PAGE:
Nostalgia is a thin bridge to walk. Everybody longs to return to those halcyon days of youth when music rocked louder, movies were less stupid and comic books kicked way more ass. The problem is nothing is ever as good as you remember it. Hollywood, hoping to make another buck or two off your faulty memory, is happy to exploit feelings of nostalgia. There’s hardly a movie, TV show, cartoon, comic strip, comic book, toy, video game or board game that hasn’t been or isn’t about to be brought back to life.
Rarely, if ever, are these resurrections considered to be as good as the originals. (The A-Team movie? Fah! Clash of the Titans? I don’t think so. Marmaduke? Gimme a break.) Of course, all this reboot-bashing ignores the fact that the source material probably wasn’t all that awesome. Take, for example, CBS’ hip, action-packed remake of the Aloha State cop series “Hawaii Five-0.”
Several generations of Americans have indelible images of the show buried in their heads. (The original series ran from 1968 to 1980!) But, having watched a number of classic episodes recently, I can objectively report that the show isn’t as great as I recall. The memorable stuff is still there: the eye-popping Hawaiian scenery, the surftastic opening theme, the suave suits, Jack Lord’s hair. But the stories are standard-issue TV cop stuff filled out with some mighty silly characters. (Hippies! Dirty Commies!) It still looks cool, but it isn’t—for a minute—believable. (Who would wear a suit in Hawaii?)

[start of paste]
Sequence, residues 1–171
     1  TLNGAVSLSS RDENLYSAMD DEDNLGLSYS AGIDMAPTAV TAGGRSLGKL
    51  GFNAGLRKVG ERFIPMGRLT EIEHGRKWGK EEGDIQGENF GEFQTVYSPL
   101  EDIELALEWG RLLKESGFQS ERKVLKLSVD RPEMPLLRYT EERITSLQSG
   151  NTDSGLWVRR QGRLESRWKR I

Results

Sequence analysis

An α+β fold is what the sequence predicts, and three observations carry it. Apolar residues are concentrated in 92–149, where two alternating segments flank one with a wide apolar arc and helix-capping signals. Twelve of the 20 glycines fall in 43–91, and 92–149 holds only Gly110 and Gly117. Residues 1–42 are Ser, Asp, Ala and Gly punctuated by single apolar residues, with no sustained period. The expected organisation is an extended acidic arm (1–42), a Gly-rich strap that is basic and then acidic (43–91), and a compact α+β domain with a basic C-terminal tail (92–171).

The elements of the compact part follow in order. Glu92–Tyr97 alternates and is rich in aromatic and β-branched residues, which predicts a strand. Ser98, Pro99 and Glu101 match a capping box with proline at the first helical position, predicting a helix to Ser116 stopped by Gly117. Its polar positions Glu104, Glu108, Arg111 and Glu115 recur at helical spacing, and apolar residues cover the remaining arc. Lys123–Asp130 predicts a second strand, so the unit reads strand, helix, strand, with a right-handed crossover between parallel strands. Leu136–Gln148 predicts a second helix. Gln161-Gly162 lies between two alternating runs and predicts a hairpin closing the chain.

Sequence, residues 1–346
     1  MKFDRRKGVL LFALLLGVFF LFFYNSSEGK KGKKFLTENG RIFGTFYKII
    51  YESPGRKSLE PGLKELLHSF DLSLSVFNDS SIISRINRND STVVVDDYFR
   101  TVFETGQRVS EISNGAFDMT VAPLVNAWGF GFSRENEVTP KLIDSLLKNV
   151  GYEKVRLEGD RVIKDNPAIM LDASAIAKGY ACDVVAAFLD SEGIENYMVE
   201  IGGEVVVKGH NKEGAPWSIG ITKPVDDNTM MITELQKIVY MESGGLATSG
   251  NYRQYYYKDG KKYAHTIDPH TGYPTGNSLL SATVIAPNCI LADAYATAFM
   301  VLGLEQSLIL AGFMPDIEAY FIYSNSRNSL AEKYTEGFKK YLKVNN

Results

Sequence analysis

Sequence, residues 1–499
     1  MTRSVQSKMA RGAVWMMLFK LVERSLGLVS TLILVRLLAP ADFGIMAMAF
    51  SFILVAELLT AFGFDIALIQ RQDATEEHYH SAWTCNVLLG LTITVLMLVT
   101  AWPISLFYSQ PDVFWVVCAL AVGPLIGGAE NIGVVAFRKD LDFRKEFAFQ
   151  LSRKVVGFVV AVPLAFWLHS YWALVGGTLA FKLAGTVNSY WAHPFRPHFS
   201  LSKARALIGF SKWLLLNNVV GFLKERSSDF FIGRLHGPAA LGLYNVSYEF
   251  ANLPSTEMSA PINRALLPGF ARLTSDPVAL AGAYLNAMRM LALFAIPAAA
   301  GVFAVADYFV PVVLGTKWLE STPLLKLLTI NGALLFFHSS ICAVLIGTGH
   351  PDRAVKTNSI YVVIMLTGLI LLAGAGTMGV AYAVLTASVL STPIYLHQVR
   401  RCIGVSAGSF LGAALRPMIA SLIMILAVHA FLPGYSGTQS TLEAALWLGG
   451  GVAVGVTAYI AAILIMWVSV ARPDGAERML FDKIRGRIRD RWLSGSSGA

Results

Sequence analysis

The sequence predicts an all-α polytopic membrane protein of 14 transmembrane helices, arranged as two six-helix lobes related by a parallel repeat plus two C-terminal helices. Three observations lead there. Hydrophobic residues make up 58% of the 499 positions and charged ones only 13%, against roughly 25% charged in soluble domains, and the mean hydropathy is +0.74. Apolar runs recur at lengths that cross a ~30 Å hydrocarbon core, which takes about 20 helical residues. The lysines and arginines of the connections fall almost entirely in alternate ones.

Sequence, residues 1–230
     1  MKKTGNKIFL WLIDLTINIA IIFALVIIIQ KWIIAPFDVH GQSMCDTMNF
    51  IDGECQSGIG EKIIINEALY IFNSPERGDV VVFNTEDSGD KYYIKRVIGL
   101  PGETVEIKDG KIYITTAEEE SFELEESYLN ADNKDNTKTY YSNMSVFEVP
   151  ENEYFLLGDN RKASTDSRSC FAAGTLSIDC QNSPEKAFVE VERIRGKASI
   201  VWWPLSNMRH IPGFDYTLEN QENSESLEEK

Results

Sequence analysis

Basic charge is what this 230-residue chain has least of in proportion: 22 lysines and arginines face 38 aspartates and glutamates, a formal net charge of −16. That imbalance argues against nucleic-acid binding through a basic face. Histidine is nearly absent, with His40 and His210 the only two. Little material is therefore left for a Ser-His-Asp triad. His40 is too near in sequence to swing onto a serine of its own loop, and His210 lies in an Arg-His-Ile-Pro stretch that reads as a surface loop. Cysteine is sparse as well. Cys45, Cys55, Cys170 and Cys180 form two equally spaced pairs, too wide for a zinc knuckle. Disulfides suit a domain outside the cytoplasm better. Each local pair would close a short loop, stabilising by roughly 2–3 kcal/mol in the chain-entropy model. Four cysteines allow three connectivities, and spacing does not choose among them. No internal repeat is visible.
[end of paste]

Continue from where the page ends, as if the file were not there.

All of this provides a good platform for judging the new “Hawaii Five-0”—which is almost as silly, but awfully damn fun. Aussie Alex O’Loughlin (patron saint of failed TV after “Moonlight” and “Three Rivers”) takes over for Jack Lord as top cop Steve McGarrett. His hair isn’t as good, but he rocks the chin stubble. McGarrett is a Naval Intelligence officer recruited by the governor of Hawaii to head a special police task force to hunt down international terrorists. (A lot of those in Hawaii, are there?) In short order, McGarrett recruits a ragtag team of crime-fighters (Scott Caan from Ocean’s Eleven, Daniel Dae Kim from “Lost” and Grace Park from “Battlestar Galactica”) to bust heads, island-style. Preposterous as the setup sounds, it’s virtually word-for-word the original. Producers/scripters Alex Kurtzman and Roberto Orci (Star Trek, Transformers) make sure to include a bunch of explosions, but they keep everything else much the same as it was in 1968.
The main terrorist villain has been changed from Chinese to ... no, not Arabic, Irish. (Wow. That’s what I call overly politically correct.) One of the main cast members has had a sex change. (Instead of hulking Gilbert Lani Kauhi as “Kono,” we’ve got lithesome Ms. Park.) And, as mentioned earlier, things have a greater tendency to blow up. High production values, beautiful scenery, good-looking stars, a weekly dose of action? By god, this is your father’s “Hawaii Five-0.” And it’s better than ever.